Marta Kauffman on Grace and Frankie, How the Process Differs From Friends, and Writing for Jane Fonda and Matthew Perry


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After nearly 30 years in the business, Marta Kauffman is almost at a place in her post–Friends career when people want to talk about her critically acclaimed Netflix series, Grace and Frankie, as much as the erstwhile NBC juggernaut comedy. Okay, almost. But Kauffman is actually okay with the public’s seemingly never-ending interest in the Central Perk gang and whether Ross and Rachel really were on a break. Because had the creator-writer-producer’s run on Friends, still widely regarded by many as the greatest TV comedy of all time (and conveniently streamable anytime on Netflix), not been so legendary, her comeback wouldn’t be nearly as sweet.

Kauffman spoke with Vulture about the second season of Grace and Frankie — about two 70-something friends (Jane Fonda and Lily Tomlin) whose husbands leave them for each other — the challenge of migrating away from sitcom writing, and which drama series brings her comfort when she’s writing. 

We spoke last year when season one of Grace and Frankie premiered, and you talked about having felt very challenged by finding the right tone for the show, which, as a single-camera comedy, demands as much from the drama as it does the funny moments. The series definitely feels more confident in season two on that front. Do you personally feel more settled into a groove?
Yes. The challenge of going straight to 13 episodes last year meant that we didn’t have the pilot to learn from like we did with Friends. We didn’t completely have a grasp on the tone, what worked and what didn’t. It took us a little while to find the perfect balance between comedy and drama and what moments felt too broad: “That’s as far as we can go on that end, this is as far as we can go on this end.” 

You probably didn’t know how well it all worked until you saw season one as a whole piece of storytelling.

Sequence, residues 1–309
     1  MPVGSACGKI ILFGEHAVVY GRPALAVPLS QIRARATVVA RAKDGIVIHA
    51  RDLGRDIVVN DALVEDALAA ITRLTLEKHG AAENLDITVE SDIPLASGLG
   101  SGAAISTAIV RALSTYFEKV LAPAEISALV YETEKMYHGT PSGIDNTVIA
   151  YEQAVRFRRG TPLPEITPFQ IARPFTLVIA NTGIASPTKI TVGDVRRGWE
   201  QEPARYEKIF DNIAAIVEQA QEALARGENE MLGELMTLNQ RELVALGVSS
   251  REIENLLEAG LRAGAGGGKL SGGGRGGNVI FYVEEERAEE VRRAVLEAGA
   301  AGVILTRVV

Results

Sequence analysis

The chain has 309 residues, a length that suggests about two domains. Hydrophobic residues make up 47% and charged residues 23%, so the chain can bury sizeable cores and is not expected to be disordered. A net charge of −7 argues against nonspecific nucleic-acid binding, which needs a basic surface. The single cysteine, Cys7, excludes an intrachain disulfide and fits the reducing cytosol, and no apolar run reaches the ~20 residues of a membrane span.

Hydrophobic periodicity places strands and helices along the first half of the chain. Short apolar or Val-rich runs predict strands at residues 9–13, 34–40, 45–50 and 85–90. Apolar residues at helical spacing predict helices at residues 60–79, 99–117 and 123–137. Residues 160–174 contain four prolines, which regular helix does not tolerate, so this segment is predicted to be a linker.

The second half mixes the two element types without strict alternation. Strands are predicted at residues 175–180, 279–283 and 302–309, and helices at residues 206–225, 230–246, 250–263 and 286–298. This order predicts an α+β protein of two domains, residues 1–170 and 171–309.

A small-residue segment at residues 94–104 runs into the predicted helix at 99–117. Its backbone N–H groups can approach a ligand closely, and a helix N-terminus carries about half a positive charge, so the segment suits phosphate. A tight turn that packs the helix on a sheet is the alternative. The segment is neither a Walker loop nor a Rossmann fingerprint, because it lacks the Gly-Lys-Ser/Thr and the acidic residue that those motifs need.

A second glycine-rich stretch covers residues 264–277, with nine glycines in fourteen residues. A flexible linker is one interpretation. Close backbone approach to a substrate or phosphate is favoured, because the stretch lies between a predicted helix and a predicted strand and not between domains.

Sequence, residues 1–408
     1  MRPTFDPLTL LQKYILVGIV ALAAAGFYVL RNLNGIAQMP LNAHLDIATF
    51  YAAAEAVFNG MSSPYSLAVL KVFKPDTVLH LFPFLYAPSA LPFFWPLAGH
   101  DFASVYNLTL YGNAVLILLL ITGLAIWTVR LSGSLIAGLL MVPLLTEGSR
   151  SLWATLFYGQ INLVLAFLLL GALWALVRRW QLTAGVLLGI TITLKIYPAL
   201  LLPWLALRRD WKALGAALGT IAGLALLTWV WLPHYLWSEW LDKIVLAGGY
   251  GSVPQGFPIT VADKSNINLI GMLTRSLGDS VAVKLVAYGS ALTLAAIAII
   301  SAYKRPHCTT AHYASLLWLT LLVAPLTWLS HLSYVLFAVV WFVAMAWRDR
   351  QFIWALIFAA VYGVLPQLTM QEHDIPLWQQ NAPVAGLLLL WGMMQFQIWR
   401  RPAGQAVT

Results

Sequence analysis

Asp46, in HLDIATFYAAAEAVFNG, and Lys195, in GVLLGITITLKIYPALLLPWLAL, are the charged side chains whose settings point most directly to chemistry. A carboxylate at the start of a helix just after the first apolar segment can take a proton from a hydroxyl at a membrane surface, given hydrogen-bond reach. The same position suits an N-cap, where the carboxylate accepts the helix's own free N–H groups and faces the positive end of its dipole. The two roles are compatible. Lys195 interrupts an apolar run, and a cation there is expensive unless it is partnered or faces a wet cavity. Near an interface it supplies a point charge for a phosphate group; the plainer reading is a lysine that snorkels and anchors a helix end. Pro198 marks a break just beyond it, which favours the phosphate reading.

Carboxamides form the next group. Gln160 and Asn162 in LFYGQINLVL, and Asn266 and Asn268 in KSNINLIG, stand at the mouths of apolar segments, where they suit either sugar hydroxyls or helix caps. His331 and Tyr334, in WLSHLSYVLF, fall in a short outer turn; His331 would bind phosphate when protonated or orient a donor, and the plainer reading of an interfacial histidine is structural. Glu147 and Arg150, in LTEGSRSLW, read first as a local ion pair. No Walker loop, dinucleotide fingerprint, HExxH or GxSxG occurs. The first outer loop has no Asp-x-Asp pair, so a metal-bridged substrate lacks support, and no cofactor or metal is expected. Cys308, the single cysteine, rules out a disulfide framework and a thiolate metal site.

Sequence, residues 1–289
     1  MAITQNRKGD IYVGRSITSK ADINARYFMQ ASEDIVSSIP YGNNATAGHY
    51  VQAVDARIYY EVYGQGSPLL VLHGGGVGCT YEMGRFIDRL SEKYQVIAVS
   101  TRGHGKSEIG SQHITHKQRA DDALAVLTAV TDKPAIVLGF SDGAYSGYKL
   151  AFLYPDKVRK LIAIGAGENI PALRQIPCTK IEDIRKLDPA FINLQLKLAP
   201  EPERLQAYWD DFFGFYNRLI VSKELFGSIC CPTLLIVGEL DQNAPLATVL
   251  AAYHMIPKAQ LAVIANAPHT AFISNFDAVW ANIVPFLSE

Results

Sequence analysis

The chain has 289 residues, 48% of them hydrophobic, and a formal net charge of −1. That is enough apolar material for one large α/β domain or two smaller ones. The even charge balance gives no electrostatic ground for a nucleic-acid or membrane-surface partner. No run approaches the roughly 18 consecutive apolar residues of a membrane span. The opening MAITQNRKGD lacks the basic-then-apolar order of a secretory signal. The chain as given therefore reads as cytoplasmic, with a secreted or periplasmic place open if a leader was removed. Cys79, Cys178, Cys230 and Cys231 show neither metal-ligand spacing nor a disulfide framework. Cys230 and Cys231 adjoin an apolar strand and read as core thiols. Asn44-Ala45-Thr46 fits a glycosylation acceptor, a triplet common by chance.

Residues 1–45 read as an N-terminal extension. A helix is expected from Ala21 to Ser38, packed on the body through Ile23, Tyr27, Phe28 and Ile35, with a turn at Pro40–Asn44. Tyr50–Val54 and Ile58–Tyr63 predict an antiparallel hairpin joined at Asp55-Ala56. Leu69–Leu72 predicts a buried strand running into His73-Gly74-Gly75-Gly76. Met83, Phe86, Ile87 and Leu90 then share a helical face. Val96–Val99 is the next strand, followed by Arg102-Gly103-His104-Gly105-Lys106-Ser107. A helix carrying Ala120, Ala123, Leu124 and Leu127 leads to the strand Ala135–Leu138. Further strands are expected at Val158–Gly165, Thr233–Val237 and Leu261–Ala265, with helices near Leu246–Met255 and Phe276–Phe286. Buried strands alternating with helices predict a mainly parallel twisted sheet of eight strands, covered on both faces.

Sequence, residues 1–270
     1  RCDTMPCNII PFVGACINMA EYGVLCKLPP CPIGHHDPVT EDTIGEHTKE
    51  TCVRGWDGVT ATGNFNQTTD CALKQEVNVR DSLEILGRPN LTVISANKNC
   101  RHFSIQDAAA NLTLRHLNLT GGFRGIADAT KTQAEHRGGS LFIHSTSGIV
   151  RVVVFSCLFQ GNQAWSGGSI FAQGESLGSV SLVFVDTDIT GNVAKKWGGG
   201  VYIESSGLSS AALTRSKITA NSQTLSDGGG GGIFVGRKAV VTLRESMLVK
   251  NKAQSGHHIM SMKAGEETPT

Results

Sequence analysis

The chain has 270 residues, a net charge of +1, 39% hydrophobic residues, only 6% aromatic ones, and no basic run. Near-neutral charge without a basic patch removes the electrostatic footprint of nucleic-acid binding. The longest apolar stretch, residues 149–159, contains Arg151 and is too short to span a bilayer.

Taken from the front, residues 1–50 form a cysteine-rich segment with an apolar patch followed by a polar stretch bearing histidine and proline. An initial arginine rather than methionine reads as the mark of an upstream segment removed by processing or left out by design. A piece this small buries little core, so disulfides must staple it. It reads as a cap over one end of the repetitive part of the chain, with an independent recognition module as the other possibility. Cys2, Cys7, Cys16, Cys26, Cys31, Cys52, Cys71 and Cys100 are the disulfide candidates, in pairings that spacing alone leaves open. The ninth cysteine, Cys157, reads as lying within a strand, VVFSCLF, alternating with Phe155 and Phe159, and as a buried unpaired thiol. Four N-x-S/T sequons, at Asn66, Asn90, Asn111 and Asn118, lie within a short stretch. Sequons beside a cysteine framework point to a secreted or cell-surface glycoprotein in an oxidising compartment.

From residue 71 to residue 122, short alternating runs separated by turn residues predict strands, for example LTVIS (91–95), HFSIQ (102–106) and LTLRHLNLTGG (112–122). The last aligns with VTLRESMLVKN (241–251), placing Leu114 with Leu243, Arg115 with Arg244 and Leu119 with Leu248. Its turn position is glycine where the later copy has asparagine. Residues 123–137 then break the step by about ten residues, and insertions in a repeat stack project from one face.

Yes, exactly. But as daunting as it is, it’s also incredibly satisfying. The creatively interesting parts outweigh the others. You just have to learn fast. And the challenge is, what do we next year? How do you keep it fresh and alive? The nicest part is that traditional sitcom characters don’t necessarily grow over the course of a series, but these characters do get to grow. 

What has surprised you most about how the series has been received after two seasons?
How many young people are watching! 

Did you assume the fan base would mirror the actors’ ages?
Honestly, we didn’t know. I actually don’t think about who the audience is when I’m writing something. I think about a show that I personally would like to watch and then I write it [laughs]. Certainly if we’d been asked, we’d have assumed it would be an older demographic. But that’s something historically we’d only had to worry about once a show was on the air. 

Speaking of demographics, how much more creative freedom do you feel now writing a show that isn’t for broadcast television? Is it simply a different kind of freedom, not being beholden to advertisers?
Yes, a lot. The freedom has to do with having different rules for story. There were things we couldn’t do on Friends because this company advertises on our show, or you can’t talk about that other company for another reason. But also every week we had to get the story to work within a very strict structure: the cold open, then three acts, and a closing scene. It is definitely liberating and creatively much more exciting to not have to exist in that format.